Letter strikes a chord

Published 11:03am Tuesday, November 1, 2011

Over the summer I read a letter to the editor of this paper that struck a chord with me and seemed to warrant a response. It ended up at the bottom of a pile to which I am only now returning.

It was entitled “LGTB community active in county.” The writer lamented the lack of representation of lifestyles other than those consistent with what you would expect in “the Deep South, the Bible Belt” in the paper’s Lifestyles section.

It made me think about diversity in Shelby County, how it is lived and encountered by those who consider themselves the norm.

Although I am straight, I strive to be an active ally to the LGBT community.

So, I considered the author’s complaint.

At first glance there doesn’t seem to be much representation of gay, lesbian, bisexual or transgendered members of our community in the human interest stories of our local paper.

But due to the fact that it is impossible to determine a person’s sexual orientation by looking at them, by the job they do or hobbies they have, it’s really hard to know. Actually, there is probably more representation of the LGBT community in the media, including the Shelby County Reporter, than we realize.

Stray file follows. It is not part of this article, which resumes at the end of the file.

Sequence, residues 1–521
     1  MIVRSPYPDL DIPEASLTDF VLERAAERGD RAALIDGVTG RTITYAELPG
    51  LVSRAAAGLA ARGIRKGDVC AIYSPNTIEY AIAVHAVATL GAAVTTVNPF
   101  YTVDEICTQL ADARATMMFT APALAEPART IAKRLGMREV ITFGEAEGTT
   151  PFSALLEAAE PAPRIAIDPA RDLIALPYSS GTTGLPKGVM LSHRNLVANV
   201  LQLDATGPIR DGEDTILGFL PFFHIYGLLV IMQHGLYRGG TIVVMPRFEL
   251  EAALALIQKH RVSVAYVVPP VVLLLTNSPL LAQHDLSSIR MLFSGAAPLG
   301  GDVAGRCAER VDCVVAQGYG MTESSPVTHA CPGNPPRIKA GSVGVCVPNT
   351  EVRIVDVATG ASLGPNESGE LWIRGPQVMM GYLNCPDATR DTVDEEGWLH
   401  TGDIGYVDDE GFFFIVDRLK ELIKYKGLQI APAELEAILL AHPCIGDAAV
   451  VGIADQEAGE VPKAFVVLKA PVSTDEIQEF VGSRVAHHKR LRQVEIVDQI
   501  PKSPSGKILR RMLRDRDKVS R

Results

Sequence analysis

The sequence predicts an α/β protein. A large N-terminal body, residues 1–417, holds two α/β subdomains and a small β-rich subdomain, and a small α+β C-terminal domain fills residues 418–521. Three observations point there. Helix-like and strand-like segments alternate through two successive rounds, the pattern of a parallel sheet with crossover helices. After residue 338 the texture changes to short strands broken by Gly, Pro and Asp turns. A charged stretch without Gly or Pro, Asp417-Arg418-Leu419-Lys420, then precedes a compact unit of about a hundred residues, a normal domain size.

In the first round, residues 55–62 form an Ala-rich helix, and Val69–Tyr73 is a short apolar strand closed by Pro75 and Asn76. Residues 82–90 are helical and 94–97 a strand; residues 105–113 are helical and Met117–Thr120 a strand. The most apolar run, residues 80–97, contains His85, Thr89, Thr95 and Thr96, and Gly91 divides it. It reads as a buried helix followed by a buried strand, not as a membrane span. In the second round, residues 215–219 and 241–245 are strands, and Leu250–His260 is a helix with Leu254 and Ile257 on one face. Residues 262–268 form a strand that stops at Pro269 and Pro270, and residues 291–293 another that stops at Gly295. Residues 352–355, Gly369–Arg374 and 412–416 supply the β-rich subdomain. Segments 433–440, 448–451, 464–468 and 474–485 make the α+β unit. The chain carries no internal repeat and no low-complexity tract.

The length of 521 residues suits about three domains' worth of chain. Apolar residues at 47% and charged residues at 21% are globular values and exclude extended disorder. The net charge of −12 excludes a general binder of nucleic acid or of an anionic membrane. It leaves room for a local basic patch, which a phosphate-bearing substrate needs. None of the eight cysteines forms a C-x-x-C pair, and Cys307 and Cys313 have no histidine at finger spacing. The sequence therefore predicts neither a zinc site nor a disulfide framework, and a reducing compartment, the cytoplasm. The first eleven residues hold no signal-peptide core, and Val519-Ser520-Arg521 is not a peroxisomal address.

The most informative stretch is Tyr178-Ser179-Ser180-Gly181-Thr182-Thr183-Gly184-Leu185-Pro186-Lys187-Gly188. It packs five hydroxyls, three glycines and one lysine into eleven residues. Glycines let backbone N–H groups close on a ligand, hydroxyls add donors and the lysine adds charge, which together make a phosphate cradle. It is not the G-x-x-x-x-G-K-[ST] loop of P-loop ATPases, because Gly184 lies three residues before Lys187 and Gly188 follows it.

However, the letter’s author does still make a very important point about how we deal with diversity around here.

As someone who grew up in the South but has spent most of my adult life elsewhere, I have experienced how comforting and compelling southern hospitality and compulsory politeness can be.

Nonetheless, I feel that these norms of not rocking the boat or discussing topics that might be controversial or cause a little conflict have really slowed the development of a truly multicultural society in the South. Southern hospitality breeds tolerance, but not the deep understanding of ourselves and each other that is the foundation of real social justice.

So I agree with the author of the aforementioned letter to the editor.

We should do more to showcase our diversity to compel us to engage in civil discourse across our differences.

I believe once we embrace this we will find that we have more in common than we think.

Kimberly Barrett is the vice president of student affairs at the University of Montevallo.

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